Those dreams were crushed when we entered the hell that was our AirBnb bathroom. As I leaned over the bathtub to wash my hair Saturday morning, I slowly realized my feet, which were outside of the tub, were wet... that is not normal... I turned around, soap still on my head, and the entire bathroom floor was covered in water. It took every towel in the house to clean up the water, and the plumber that later arrived identified the culprit as a children’s toy stuck in the drain.
In conclusion, absolutely none of the things that were present in the Louisiana I met on screen 10 years ago were present in the Louisiana I met last weekend, and for that, I will never forgive Disney, the state of Louisiana or the LEGO man that was found in the drain.
“If you ain’t talkin’ gators then I don’t want to talk.” -Brady Stone
Hannah Underwood is the sports editor for The Battalion.
We never found our gator and the Texas A&M football team didn’t find a win in Death Valley, but we did have a great time despite all that went wrong.
I will fully take credit for being the driving force behind this adventure we call #BATTonRouge2019. As the sports editor of The Batt, I went to LSU to cover the game and coerced six of the other staffers to join me. You’re welcome.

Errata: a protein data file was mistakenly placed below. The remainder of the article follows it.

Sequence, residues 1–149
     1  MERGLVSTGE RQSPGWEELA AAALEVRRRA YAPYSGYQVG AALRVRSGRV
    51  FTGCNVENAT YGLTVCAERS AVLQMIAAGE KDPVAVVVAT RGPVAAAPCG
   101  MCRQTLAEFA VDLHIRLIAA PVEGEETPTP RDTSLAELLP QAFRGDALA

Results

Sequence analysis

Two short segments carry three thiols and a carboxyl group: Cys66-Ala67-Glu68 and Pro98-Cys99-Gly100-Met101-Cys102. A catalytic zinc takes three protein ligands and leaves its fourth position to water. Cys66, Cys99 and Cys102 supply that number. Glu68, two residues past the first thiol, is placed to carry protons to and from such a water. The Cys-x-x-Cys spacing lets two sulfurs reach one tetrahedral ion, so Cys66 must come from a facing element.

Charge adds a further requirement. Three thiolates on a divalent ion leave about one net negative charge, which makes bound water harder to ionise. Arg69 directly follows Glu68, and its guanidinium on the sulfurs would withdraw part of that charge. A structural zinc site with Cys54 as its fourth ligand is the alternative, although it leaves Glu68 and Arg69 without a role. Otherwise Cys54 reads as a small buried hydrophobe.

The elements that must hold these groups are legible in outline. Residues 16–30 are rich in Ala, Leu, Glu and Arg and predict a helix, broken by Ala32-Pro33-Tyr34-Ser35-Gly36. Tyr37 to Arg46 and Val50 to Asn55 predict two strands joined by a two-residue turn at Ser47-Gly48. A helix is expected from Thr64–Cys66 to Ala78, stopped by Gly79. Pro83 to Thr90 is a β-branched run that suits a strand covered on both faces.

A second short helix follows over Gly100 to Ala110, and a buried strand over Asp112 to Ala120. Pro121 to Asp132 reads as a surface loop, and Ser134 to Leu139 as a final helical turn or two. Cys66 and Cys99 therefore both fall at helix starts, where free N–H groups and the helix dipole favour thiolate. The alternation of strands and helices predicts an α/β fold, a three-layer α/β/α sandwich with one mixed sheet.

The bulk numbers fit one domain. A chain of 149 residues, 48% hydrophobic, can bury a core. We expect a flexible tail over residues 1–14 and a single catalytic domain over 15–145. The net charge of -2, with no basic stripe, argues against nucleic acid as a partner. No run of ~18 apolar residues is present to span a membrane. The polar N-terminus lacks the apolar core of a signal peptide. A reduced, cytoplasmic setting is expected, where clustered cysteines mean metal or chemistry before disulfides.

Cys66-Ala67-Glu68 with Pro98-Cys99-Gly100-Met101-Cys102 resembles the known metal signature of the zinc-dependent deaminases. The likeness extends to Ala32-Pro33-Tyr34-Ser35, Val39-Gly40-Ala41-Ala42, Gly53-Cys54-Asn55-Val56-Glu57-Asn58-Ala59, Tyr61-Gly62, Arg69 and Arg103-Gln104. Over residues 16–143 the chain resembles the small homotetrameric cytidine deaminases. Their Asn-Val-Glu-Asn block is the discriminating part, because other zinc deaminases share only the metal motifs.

Prior to this trip, the only stadiums I had covered A&M football in were Kyle Field and AT&T Stadium. As much as I love Kyle, Tiger Stadium was an entirely different experience. With an open press box (and a forecast of rain that sparked my anxiety), it was the loudest football game I have ever been to, even if the press box didn’t sway along with the War Hymn. I still haven’t fully regained my hearing, and I’m not sure I ever will. (Maybe I’ll go see one of those voodoo witch doctors Brady talked about, because who can afford a real one?)
So thank you Tiger Stadium, for ruining my ears and ensuring that I will never hear “Callin’ Baton Rouge” in the same way ever again. Gig ‘em, Garth.